The company has blended altruism with an innovative twist on an old strategy — rent to own. Operating in 19 markets with more on the way, it opened its first branded brokerage in Cleveland.

This month, we’ll talk to mortgage leaders about where the market is headed and how products are evolving digitally to suit buyers’ needs now. We’ll also explore emerging alternative financing options that are changing the game for buyers and sellers. Join us for Mortgage and Alternative Financing Month.

This story was updated with new information on Thursday, September 29, 2022

For far too many Americans, traditional homeownership is objectively out of reach, making many question its very role in the American dream.

The pandemic-infused buying craze widened an already yawning gap between those who could buy and those who have to rent. In fact, it even separated those who could buy as cash-offer battles often left those who needed financing in the same barge as leaseholders.

Thankfully, real estate innovators emerged to offer alternative pathways to homeownership. For many, power buyers, co-ownership companies and buy-before-you-sell startups applied a cooling salve to the searing heat of the housing market.

Divvy is one of them.

The following Inman Handbook on Divvy will introduce you to a company that has capitalized on a what was once a niche landlord tactic to entice renters on the cusp of ownership: lease-to-own.

The lease-to-own idea isn’t new. However, Divvy’s supportive, formalized approach to it isn’t something we’ve seen before. So let’s have a look.

Table of Contents

Divvy at-a-glance

Divvy’s mission is rooted in trying to minimize the ever-growing girth of America’s homeownership gap.

“We believe the mortgage industry hasn’t kept up with changing times,” its website states.

Why should a financial hiccup upend a person’s ability to qualify for a mortgage? And why should the repercussions of generational housing discrimination continue to hamper the economic viability of those long separated from it?

Homes have become more commoditized than ever before. It should be easier for people to gain access to the market. Not everyone is a credit risk and not every mortgage application decision should be black and white.

A qualification line must be drawn; but why can’t it be etched in pencil?

Divvy, founded in 2017, wants to help aspiring buyers whose economics need a slight push to tilt the scale in the right direction. The company is a vocal advocate for more people’s ability to own homes and executes its advocacy while keeping the agent in mind and the buyer a priority.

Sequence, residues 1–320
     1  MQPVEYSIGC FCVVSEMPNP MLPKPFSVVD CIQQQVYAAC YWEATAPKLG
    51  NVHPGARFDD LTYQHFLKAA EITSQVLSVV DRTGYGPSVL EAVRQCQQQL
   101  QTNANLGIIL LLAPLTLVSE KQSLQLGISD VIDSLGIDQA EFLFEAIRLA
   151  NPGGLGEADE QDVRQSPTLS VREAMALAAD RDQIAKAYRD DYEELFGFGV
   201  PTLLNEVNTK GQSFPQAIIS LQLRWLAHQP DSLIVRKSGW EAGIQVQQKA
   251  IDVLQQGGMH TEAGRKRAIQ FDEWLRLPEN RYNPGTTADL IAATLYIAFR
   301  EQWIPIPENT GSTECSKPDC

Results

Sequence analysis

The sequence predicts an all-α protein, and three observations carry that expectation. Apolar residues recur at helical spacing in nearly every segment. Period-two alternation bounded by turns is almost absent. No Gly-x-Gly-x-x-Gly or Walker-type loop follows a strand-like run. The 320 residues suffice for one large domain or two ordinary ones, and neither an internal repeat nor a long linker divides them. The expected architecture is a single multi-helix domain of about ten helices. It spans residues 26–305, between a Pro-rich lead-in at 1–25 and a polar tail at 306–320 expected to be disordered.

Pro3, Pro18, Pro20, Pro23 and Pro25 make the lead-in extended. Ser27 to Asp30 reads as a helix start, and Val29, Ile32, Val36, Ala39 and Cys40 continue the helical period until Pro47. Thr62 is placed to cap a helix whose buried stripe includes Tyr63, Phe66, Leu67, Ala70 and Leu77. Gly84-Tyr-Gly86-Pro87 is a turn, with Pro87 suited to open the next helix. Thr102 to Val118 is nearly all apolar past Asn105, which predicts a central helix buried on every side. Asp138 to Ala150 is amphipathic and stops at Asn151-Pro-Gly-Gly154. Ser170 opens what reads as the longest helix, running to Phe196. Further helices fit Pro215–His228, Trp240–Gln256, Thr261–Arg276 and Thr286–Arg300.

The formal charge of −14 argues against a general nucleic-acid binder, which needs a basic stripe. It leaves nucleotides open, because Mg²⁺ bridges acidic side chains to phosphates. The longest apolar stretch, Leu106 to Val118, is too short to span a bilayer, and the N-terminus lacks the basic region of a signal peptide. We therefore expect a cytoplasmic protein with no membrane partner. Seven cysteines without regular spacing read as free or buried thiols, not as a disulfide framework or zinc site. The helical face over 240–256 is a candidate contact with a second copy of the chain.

While technology continues to underwrite the real estate transaction rapidly, making the “work” of buying and selling easier, Divvy streamlines the human side of the transaction. Perhaps that’s what’s needed most of all.

Even anecdotally speaking, Divvy’s market is huge, especially in light of ever-growing home prices.

“In a year when nothing is normal, owning a single-family home has become less affordable to average wage earners across the U.S., despite conditions that would seem to point the opposite way,” said Todd Teta, chief product officer with Attom Data Solutions, in a statement about Attom’s Q3 2020 housing market report.

Banks are seeking 20 percent down and above average credit scores. And the amount that makes up that 20 percent grows with every quarter of growth.

Inman reported that home-price growth in January 2021 soared by 10 percent year over year, a growth rate unseen since 2013.

“That carried over into the first month of 2021, when double-digit home value growth was observed for the first time in nearly eight years,” the author wrote.

Sellers are avoiding selling because of the risk of not being able to buy, and even well-qualified buyers in need of financing are pushed aside by investors and cash-rich buyers.

So, where does this market leave the “almost-qualified?”

That’s the challenge Divvy is solving.

Adena Hefets | Divvy Homes

“At the start of the pandemic, we made a commitment to help and support as many future homeowners as possible,” Adena Hefets, co-founder and CEO of Divvy Homes, said in a press statement after the most recent funding announcement.

“During COVID-19, new mortgages became difficult to secure as banks tightened underwriting requirements for approvals. As a result, families were locked out of home ownership opportunities during a global pandemic — a time when they needed safety and shelter most. Divvy stepped up in place of traditional financing.”

The company itself has expanded rapidly and contracted slightly.

An avalanche of funding came quick and heavy. In 2018, two years after its founding, Divvy announced a Series A round of $30 million. A $43 million Series B followed about a year later, and then in 2021, a Series C round closed for $110 million.

The buck did not stop there.

The venture capital community unlocked the taps merely six months later with a Series D round of $200 million, the result of which was a valuation of $2 billion. Capital begets capital, it seems.